PromptDialog.Choice(context, async (IDialogContext choiceContext, IAwaitable<string> choiceResult) =>
         var selection = await choiceResult;

         // Send the query through the backchannel using Event activity
         var reply = choiceContext.MakeMessage() as IEventActivity;
         reply.Type = "event";
         reply.Name = "runShptQuery";
         reply.Value = $"/_api/web/{selection}";
         await choiceContext.PostAsync((IMessageActivity)reply);
      }, options, prompt);

Listening for the back channel events on the client again involves the DirectLine botConnection object where you filter and subscribe to specific activity. In the sample below we listen for activity type of event and name runShptQuery. When this type of activity is received, we perform a SharePoint REST query and return the aggregated results to the bot (again via back channel).

Using data sent through the back channel from bot to client

// Listen for events on the backchannel
var act:any = botConnection.activity$;
act.filter(activity => activity.type == "event" && == "runShptQuery")
   .subscribe(a => {
      var activity:any = a;
      // Parse the entityType out of the value query string
      var entityType = activity.value.substr(activity.value.lastIndexOf("/") + 1);

      // Perform the REST call against SharePoint
      var shptReq = new XMLHttpRequest();"GET", activity.value, false);
      shptReq.setRequestHeader("Accept", "application/json");
      var shptResult = JSON.parse(shptReq.responseText);

      // Call the bot backchannel to give the aggregated results
        .postActivity({ type: "event", name: "queryResults", value: { entityType: entityType, count: shptResult.value.length }, from: user })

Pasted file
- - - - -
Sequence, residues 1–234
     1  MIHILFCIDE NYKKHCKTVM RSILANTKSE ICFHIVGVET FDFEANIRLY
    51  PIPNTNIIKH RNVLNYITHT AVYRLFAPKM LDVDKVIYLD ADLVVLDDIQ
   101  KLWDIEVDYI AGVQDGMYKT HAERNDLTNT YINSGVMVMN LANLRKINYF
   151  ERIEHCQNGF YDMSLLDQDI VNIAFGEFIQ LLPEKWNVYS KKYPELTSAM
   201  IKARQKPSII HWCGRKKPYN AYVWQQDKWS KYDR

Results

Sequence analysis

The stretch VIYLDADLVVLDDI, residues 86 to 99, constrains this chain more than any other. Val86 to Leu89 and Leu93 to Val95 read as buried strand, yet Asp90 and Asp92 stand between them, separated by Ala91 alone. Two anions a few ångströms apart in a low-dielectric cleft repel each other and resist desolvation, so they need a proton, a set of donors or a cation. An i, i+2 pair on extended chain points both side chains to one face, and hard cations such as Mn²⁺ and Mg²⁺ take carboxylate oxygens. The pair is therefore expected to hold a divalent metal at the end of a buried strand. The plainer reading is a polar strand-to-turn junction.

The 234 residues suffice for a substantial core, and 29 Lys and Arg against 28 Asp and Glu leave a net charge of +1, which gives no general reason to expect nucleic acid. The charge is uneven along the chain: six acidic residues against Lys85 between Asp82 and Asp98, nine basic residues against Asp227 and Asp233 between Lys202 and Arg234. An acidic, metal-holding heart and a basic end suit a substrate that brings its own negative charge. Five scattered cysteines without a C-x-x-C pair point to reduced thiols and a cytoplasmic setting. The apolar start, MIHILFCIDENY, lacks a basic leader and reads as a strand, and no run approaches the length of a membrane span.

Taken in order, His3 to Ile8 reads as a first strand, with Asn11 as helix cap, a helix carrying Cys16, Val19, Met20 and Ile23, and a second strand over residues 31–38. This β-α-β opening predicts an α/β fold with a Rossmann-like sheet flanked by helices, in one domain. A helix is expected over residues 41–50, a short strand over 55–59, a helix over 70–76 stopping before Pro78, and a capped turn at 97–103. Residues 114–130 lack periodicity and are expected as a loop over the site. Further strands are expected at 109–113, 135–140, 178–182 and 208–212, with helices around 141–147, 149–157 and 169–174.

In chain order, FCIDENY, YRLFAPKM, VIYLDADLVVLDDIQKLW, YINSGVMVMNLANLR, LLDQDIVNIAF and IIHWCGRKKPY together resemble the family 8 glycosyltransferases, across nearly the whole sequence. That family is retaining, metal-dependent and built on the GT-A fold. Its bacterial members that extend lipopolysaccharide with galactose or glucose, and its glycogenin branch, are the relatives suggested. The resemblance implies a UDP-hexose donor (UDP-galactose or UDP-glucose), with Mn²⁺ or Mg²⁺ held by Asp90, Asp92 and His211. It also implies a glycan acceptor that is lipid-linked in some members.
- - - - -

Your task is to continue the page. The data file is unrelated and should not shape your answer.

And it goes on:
.subscribe(id => console.log("success sending results"));


Hopefully you can see how much more powerful a SharePoint or Office embedded bot can become with additional context provided through the back channel. I’m really excited to see what creative solutions developers can come up with this, so keep me posted. Big props to Bill Barnes and Ryan Volum on my team for their awesome work on the WebChat and the back channel. Below, I have listed four repositories used in this post. I have purposefully checked in the SharePoint Framework projects with a DirectLine secret to my bot so you can immediately run them without deploying your own bot.

Simple SharePoint Framework Project that embeds a bot and uses the Bot Framework back channel to silently send the bot contextual information about the user.

Simple SharePoint Framework Project that embeds a bot and uses the Bot Framework back channel to silently integrate the bot and client to share contextual information and API calls.

Simple C# Bot Framework project that listens on the back channel for contextual information sent from the client (WebChat client in SharePoint page)

Simple C# Bot Framework project that uses the back channel for contextual information and API calls against the client (WebChat client in SharePoint page)